Eric Gill

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Arthur Eric Rowton Gill (born February 22, 1882 in Brighton , † November 17, 1940 in Uxbridge ) was a British sculptor , graphic artist and typographer .


Gill was the second of his parents' thirteen children. He graduated from Chichester Technical and Art School . From 1899 to 1903 he worked in an architecture office. He took writing classes at the Central School of Arts and Crafts in London with Edward Johnston . From 1905 to 1909 he designed initials and book covers for Insel-Verlag , Leipzig . In 1906 he drew initials for Ashendene Press . In 1907 he moved to Ditching , Sussex , where he worked as a sculptor. From 1909 onwards he also carried out various sculptures. The Stations of the Cross created for Westminster Cathedral employed him from 1913 to 1918. In 1924 he moved to Capel-y-ffin , Wales . From 1925 to 1931 he drew initials and illustrations for the Golden Cockerel Press, for which he designed his own typeface. From 1928 he lived on Pigotts Farm in Speen near High Wycombe and worked for the London Underground . Together with his son-in-law, he founded a hand printing company for luxury bibliophile editions. In 1930 he made drawings for the last issue of Le Fleuron magazine . In 1936, Gill was named Royal Designer for Industry . A postage stamp was created in 1937 and remained in use for fifteen years.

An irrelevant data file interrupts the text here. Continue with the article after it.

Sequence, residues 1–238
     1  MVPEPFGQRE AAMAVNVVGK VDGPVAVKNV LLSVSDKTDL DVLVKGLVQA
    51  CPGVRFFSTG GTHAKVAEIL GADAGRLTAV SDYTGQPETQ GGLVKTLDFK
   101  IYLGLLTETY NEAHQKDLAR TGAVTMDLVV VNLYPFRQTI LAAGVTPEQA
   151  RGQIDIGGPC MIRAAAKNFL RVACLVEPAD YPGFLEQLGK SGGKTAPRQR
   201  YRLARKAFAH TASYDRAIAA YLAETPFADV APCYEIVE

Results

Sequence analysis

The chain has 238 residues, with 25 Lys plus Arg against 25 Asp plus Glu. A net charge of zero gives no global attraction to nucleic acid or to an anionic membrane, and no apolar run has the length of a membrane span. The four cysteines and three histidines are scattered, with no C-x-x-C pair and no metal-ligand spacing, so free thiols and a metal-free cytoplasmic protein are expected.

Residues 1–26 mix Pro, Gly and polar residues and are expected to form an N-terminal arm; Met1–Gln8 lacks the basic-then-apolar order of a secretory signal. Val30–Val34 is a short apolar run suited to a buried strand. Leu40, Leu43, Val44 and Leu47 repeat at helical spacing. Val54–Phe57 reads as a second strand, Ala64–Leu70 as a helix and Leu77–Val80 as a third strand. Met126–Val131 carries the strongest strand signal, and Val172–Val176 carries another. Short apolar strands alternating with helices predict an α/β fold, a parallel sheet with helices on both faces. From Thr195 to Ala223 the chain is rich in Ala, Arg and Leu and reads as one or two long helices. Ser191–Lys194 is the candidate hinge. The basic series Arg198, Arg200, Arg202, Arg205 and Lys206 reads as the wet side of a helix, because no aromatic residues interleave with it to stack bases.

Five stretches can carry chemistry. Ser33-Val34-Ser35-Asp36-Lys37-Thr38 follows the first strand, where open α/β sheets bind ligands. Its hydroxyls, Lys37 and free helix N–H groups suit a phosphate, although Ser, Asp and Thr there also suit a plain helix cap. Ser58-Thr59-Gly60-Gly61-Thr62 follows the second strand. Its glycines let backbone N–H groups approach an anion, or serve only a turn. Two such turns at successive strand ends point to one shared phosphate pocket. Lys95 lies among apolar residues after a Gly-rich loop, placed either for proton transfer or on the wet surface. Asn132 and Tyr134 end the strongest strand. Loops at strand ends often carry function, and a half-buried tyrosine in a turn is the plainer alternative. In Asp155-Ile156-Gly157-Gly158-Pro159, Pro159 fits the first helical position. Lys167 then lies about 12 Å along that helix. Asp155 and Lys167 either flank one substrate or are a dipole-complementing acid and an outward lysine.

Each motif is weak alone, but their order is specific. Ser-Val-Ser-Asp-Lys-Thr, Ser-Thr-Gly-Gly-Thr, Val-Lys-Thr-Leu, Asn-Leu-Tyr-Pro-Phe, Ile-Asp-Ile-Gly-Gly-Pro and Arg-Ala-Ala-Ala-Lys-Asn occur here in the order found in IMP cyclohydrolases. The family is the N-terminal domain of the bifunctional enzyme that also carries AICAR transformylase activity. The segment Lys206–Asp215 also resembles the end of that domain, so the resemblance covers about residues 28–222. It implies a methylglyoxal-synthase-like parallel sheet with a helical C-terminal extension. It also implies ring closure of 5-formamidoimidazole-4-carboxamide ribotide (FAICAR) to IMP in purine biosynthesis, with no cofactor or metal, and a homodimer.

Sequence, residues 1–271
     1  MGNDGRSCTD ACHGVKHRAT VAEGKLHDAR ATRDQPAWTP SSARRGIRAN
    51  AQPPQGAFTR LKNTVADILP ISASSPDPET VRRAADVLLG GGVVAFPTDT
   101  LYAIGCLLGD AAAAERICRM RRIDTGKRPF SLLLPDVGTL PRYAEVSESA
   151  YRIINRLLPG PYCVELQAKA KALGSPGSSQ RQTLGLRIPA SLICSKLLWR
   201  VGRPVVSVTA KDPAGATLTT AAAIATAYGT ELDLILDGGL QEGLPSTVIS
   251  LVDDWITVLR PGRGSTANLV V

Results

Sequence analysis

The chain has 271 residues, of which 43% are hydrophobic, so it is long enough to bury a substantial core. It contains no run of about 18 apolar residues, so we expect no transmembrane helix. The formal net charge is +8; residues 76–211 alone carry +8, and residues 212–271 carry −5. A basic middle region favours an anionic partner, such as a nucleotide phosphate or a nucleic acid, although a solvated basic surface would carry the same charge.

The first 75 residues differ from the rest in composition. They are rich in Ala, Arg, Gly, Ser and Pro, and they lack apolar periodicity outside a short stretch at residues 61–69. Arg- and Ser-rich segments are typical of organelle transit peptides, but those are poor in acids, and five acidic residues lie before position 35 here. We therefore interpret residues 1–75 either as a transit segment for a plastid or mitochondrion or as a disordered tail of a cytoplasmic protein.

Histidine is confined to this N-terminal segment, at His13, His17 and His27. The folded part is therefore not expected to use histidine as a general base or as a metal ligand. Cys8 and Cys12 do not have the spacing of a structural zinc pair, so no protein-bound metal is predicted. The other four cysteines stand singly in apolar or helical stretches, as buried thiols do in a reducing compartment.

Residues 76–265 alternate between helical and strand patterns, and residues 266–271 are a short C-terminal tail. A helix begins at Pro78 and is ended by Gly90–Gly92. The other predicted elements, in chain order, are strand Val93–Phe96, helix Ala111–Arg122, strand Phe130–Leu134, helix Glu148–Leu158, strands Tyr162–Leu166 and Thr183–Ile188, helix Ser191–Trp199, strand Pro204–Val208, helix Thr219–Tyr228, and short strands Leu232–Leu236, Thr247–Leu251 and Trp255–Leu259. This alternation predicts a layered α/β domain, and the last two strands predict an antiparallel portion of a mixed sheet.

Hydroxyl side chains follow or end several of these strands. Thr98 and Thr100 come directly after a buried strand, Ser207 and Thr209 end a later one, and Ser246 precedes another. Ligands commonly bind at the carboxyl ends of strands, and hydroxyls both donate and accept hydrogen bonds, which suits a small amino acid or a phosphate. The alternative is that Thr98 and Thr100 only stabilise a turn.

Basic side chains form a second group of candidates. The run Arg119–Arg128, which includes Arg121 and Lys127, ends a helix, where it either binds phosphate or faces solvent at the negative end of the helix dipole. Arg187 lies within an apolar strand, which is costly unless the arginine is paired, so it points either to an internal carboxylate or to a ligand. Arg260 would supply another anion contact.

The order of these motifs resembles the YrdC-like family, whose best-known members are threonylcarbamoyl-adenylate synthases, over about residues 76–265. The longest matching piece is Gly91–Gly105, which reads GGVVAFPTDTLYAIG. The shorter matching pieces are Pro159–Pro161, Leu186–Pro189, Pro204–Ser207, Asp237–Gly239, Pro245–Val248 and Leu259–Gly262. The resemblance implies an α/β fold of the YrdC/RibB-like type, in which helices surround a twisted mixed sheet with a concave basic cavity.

Gill was a deeply religious man. He converted to Catholicism in 1913 and in 1918 co-founded the Guild of St Joseph and St Dominic, a religious community made up of several artisans. At the same time, Gill was driven by sexual obsessions. Some of his sculptures explicitly show sexual acts that could not be exhibited in public at the time. Sometimes his sister and her husband were the models. Gill recorded his sexual activities very meticulously in his diaries. After his death, his wife sold his personal estate, including the diaries, to the Clark Library at the University of Southern California . She had tried to censor some of the entries, but given the size of the files. The diaries show that Gill, in addition to numerous extramarital affairs, also had an incestuous relationship with his sisters Angela and Gladys. He had also molested his teenage daughters, Betty and Petra. Earlier biographers (e.g. Robert Speaight) withheld this, while today's biographers (e.g. Fiona MacCarthy) assume that this is also expressed in his artistic works and has inspired him.

Eric Gill died at the age of 58 after lung cancer surgery.

Font designs

Gill Sans , designed 1927-30
Signet for the Insel-Verlag
  • Gill Sans (1927-30), also known as Humanist 521 BT (1990)
  • Golden Cockerel novel (1929)
  • Perpetua (1929-30)
  • Solus (1929)
  • Joanna (1930-31)
  • Aries (1932)
  • Floriated Capitals (1932)
  • Bunyan, Pilgrim (1934)
  • Jubilee (1934).

Plastic work


  • Essay on Typography, London 1931
  • Autobiography, London 1940


Individual evidence

  1. ^ Max Caflisch: Font analyzes . Ed .: Typotron St. Gallen. tape 2 . St. Gallen 2003, ISBN 3-908151-32-5 , p. 267 .
  2. Eric Gill. Retrieved July 10, 2014 .
  3. a b Fiona MacCarthy: 'Mad about sex'. The Guardian, October 17, 2009, accessed December 12, 2012 .

Web links

Commons : Eric Gill  - collection of pictures, videos and audio files